Given the number of plans for electrolysers published around the world, a 5GW annual production is by no means over ambitious.

October 15, 2021 Posted by | Energy, Energy Storage, Hydrogen | , | Leave a comment

Sun Cable’s Australia-Asia PowerLink

Two weeks ago, in How Clean Energy And Jobs Can Flow From Morocco to The UK, I talked about a plan to generate electricity using solar arrays in Southern Morocco and use an underwater interconnector to bring it to the UK.

If you think that project was ambitious and distinctly bonkers, then that project is outshone by Sun Cable‘s Australia-Asia PowerLink, which is shown in this SunCable graphic.

These are a few facts about the project.

  • Electricity will be generated by solar panels in the Northern Territories of Australia.
  • There will be 12,000 hectares of solar panels in Australia, which will create 3.2 GW of electricity for distribution.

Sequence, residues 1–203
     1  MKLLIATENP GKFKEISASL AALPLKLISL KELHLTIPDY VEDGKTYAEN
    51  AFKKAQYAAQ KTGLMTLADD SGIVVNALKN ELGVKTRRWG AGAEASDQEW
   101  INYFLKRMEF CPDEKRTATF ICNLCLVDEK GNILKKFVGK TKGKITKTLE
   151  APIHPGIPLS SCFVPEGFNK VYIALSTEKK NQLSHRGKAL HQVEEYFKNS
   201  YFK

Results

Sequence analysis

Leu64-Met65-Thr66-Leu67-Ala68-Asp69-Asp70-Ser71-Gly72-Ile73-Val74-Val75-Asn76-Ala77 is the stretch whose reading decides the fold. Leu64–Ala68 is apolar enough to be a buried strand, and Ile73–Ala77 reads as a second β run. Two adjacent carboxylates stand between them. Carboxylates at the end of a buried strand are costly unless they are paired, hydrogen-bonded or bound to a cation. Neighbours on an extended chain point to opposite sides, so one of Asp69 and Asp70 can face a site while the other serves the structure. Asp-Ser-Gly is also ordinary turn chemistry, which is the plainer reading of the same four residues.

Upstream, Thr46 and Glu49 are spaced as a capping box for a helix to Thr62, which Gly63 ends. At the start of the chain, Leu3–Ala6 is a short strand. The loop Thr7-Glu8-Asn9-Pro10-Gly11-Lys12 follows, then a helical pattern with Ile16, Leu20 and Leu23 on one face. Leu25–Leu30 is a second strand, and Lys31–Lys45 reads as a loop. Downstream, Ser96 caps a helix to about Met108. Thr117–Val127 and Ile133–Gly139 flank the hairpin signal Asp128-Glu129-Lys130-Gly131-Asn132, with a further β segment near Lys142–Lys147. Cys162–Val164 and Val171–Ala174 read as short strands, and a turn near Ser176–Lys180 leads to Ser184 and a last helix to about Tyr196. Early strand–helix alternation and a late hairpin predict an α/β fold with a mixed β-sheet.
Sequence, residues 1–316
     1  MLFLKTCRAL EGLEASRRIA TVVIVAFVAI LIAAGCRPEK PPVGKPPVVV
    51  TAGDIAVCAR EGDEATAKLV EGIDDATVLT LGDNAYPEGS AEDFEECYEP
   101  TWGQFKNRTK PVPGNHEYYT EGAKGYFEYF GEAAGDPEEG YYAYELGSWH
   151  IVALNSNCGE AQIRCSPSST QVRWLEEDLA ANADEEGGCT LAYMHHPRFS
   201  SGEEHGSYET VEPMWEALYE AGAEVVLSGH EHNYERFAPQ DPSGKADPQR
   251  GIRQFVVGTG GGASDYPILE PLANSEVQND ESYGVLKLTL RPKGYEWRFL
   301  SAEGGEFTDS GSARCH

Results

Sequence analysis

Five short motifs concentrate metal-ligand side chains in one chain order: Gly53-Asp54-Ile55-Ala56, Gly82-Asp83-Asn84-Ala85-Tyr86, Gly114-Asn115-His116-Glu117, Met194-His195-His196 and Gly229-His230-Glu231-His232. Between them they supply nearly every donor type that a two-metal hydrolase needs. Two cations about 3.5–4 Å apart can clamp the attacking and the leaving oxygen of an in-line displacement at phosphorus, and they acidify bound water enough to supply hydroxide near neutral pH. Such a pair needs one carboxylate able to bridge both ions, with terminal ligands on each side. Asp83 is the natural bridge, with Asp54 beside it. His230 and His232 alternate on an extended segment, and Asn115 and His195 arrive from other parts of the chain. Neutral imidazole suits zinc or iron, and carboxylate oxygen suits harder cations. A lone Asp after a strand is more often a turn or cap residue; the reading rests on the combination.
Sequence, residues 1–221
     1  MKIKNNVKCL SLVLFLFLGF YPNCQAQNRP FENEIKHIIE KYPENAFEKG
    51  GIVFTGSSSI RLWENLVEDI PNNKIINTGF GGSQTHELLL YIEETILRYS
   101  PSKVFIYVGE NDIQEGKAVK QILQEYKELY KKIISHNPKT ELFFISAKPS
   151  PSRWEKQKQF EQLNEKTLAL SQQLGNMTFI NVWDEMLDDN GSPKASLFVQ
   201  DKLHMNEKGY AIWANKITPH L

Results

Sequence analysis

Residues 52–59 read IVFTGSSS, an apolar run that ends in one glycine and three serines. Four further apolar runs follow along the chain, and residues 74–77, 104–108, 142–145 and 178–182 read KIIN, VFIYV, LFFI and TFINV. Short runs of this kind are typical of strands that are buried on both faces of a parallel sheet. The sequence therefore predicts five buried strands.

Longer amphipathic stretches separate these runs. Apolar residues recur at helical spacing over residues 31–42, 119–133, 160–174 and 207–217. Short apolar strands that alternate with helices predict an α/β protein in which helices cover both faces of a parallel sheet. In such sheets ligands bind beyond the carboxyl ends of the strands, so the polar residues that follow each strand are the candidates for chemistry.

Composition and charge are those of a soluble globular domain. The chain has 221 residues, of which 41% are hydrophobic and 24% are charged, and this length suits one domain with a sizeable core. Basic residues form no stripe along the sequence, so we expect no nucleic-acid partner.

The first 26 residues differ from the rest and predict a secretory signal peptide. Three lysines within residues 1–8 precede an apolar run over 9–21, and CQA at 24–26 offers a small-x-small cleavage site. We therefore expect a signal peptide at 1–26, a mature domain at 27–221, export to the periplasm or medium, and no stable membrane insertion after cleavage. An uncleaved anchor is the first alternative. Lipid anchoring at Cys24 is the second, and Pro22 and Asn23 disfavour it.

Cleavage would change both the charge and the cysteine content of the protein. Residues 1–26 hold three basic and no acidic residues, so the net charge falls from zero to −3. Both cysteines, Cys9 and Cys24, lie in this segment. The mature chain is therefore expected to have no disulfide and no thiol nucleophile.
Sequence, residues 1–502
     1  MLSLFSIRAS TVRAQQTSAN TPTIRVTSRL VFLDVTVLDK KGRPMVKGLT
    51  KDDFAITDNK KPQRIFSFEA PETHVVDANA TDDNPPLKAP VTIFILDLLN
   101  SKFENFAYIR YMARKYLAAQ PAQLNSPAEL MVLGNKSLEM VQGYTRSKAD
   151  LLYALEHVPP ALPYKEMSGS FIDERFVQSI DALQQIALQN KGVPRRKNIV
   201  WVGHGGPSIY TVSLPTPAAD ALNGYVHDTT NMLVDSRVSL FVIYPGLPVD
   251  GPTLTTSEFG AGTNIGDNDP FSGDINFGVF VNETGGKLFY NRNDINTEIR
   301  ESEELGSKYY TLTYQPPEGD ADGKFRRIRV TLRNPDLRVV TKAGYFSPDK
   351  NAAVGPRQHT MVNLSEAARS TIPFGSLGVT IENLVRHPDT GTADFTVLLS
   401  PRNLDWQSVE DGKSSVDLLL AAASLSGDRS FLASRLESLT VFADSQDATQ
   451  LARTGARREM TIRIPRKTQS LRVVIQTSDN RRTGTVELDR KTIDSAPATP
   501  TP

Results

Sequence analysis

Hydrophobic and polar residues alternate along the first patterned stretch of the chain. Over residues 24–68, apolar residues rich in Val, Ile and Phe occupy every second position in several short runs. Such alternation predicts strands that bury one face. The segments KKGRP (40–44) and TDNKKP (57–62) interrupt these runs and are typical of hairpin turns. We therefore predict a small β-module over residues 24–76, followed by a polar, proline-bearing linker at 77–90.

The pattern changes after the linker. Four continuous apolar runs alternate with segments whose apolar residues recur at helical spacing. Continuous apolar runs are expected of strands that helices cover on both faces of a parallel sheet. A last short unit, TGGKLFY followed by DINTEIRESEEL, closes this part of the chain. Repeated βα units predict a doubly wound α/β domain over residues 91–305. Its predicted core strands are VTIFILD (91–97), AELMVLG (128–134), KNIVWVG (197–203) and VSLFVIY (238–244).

• There will be a 36-42 GWh battery in Australia.
  • There will be 4,200 km of submarine HVDC cable to deliver the electricity to Singapore and Indonesia.
  • It looks like there will be batteries in Darwin and Singapore.
  • The link could supply up to fifteen percent of Singapore’s electricity.

It is certainly an ambitious project, that will contain the world’s largest solar array, the world’s largest battery, and the world’s longest submarine power cable.

Note.

  1. Currently, the largest solar park in the world is Bhadia Solar Park in India, which is half the size of the solar array proposed.
  2. At 720 km, the North Sea Link is the largest undersea HVDC is operation.
  3. The largest battery in the UK is Electric Mountain in Snowdonia, which is only 9.1 GWh.